By L. Naidoo
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Strategic orientation, rationality and authority, are attached to masculinity (Bruni et al. 20 An Ethnography of Global Landscapes and Corridors 2004b, Eriksson, Henttonen & Meriläinen 2008). Accordingly, women (and men) in feminized fields such as care are often marginalized in terms of professional status, authority and reward (Daiski & Richards 2007), further reproducing the public-private divide and the dominant business professionalism discourse. When analysing our field notes, it becomes evident how our social identities and the respective language and concepts that we use, the theories we draw from, and the academic practices we engage in construct (and enable) our understanding of the world.
At some point the discussion turns to care work, and Silja mentions her mother’s terminal care. Tiina starts immediately to share her own experiences of her parents-in-law, and the discussion revolves around very personal and sensitive topics. Susan comments in her field notes that ‘I feel we should be invisible because they talk so personal matters’. Elina wonders later on ‘how I should relate to all this ’private’ stuff as a researcher’. It is not only the topics of conversation that we feel confused about, but also Tiina’s excessive talkativeness, towards which we express frustration in our field notes.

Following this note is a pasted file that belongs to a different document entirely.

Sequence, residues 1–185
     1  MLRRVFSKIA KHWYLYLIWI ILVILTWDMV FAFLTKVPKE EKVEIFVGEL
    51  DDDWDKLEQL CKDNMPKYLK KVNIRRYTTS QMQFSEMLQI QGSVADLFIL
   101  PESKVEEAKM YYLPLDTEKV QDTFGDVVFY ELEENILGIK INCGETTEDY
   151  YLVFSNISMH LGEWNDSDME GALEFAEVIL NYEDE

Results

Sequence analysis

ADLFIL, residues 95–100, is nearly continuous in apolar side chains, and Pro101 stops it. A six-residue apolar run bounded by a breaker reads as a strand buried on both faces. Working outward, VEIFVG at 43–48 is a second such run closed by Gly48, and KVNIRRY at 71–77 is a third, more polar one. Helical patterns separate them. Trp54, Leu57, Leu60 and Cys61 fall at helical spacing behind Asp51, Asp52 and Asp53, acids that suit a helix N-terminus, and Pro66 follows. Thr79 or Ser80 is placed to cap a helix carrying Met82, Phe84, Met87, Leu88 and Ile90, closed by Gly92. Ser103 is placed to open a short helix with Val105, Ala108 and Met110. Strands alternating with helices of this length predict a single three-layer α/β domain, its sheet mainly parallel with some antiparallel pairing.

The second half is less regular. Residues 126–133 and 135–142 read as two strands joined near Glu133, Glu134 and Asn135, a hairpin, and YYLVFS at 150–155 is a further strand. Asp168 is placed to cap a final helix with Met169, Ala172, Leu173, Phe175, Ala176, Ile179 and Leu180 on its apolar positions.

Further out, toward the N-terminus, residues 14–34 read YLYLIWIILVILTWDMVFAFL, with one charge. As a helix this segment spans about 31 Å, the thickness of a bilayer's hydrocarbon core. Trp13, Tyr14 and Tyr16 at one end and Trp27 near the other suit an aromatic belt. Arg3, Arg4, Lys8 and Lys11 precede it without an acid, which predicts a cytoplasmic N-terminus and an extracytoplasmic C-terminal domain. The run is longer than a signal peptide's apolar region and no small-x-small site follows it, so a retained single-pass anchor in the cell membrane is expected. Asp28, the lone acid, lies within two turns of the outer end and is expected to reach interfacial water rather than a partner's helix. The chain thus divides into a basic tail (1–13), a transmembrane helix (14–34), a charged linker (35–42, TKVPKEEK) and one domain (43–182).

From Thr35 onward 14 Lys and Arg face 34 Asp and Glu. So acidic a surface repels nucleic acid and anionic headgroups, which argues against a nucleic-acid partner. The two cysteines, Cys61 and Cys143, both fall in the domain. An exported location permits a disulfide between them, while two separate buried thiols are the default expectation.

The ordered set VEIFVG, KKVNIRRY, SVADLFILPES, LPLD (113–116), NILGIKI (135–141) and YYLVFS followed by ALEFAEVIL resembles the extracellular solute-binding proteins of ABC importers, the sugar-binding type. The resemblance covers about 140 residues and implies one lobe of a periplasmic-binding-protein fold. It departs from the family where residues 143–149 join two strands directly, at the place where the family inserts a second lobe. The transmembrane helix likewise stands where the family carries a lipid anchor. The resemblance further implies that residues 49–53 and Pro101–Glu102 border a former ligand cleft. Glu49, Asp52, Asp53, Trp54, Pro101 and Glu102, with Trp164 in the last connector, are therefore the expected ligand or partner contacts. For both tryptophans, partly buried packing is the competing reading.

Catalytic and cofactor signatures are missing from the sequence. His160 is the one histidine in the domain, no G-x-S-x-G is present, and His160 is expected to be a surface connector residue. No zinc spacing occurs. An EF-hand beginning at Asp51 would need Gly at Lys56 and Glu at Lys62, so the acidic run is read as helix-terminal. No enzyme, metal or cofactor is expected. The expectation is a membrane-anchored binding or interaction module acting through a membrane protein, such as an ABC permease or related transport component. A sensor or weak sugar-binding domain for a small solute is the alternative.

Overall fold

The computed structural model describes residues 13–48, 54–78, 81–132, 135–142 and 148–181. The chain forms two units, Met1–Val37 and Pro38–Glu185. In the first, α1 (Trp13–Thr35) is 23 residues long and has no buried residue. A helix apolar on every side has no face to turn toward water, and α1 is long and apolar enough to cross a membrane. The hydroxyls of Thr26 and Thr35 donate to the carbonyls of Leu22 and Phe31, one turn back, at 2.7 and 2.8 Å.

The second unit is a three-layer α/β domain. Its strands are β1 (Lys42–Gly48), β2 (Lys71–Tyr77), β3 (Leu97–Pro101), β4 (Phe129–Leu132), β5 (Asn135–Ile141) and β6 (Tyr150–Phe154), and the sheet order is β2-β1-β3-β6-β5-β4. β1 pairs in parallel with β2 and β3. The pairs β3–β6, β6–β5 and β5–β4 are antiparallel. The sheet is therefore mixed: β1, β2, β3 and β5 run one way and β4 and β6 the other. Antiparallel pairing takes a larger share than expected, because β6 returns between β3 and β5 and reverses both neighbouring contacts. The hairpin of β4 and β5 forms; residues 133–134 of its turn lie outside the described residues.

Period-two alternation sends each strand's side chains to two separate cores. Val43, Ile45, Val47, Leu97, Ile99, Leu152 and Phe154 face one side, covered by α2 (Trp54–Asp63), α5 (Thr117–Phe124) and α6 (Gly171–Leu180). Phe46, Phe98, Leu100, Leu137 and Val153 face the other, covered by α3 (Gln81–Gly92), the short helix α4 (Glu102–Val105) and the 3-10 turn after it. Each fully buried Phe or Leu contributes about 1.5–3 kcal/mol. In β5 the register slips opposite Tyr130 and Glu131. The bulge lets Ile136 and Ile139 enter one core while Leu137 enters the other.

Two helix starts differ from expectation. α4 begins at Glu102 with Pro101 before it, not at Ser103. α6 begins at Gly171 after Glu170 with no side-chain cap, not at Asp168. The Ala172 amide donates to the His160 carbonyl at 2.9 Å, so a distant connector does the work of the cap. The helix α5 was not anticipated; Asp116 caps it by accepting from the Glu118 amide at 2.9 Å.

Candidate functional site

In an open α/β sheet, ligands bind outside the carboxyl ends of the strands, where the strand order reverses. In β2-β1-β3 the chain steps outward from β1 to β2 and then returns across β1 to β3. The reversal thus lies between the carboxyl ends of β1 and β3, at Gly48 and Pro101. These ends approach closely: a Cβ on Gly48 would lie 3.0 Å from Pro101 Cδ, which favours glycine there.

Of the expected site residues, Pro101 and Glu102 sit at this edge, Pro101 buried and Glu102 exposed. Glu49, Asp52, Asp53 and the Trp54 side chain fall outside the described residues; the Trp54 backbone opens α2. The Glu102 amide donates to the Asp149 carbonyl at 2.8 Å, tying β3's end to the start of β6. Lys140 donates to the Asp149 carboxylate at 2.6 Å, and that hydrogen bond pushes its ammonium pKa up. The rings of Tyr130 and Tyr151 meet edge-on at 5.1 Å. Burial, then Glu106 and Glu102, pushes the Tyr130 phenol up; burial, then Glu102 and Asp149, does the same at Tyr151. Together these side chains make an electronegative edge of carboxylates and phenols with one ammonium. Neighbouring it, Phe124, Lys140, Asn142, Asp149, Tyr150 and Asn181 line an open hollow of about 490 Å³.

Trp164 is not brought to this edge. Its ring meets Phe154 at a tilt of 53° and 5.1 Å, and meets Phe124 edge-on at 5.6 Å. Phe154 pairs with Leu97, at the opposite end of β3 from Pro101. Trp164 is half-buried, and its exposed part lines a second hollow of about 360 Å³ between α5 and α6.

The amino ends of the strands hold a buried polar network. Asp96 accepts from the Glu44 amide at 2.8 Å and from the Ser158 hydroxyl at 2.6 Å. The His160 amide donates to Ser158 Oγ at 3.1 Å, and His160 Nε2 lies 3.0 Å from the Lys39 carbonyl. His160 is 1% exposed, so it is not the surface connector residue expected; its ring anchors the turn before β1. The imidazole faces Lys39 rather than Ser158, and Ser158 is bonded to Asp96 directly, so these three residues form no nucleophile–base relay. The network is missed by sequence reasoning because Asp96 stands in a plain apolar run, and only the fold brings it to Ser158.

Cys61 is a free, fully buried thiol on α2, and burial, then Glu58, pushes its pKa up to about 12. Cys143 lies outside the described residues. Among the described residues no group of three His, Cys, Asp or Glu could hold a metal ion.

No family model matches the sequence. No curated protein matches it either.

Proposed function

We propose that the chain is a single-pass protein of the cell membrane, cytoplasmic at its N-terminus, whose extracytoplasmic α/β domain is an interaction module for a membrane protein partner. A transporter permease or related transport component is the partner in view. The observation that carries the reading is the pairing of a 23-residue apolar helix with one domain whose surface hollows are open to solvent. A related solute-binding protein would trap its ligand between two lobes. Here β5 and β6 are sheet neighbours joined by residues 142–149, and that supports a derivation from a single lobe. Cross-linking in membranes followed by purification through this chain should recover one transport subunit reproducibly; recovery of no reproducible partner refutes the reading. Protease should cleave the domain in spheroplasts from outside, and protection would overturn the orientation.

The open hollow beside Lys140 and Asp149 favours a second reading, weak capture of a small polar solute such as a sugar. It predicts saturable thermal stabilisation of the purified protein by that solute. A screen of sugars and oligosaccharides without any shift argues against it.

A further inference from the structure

Handbook of Ethnography. London: Sage. Barter-Godfrey, S. & Taket (2009) Othering, marginalisation and pathways to exclusion in health. , Lamaro, G. Graham, M. & Barter-Godfrey, S. (eds), Theorising social exclusion, pp. 166-172. Abingdon: Routledge. Binns, J. (2008). The Ethics of Relational Leading: Gender Matters. Gender, Work and Organization, 15 (6), 600-620. Bruni, A. & Gherardi, S. & Poggio, B. (2004a). Doing Gender, Doing Entrepreneurship: An Ethnographic Account of Intertwined Practices.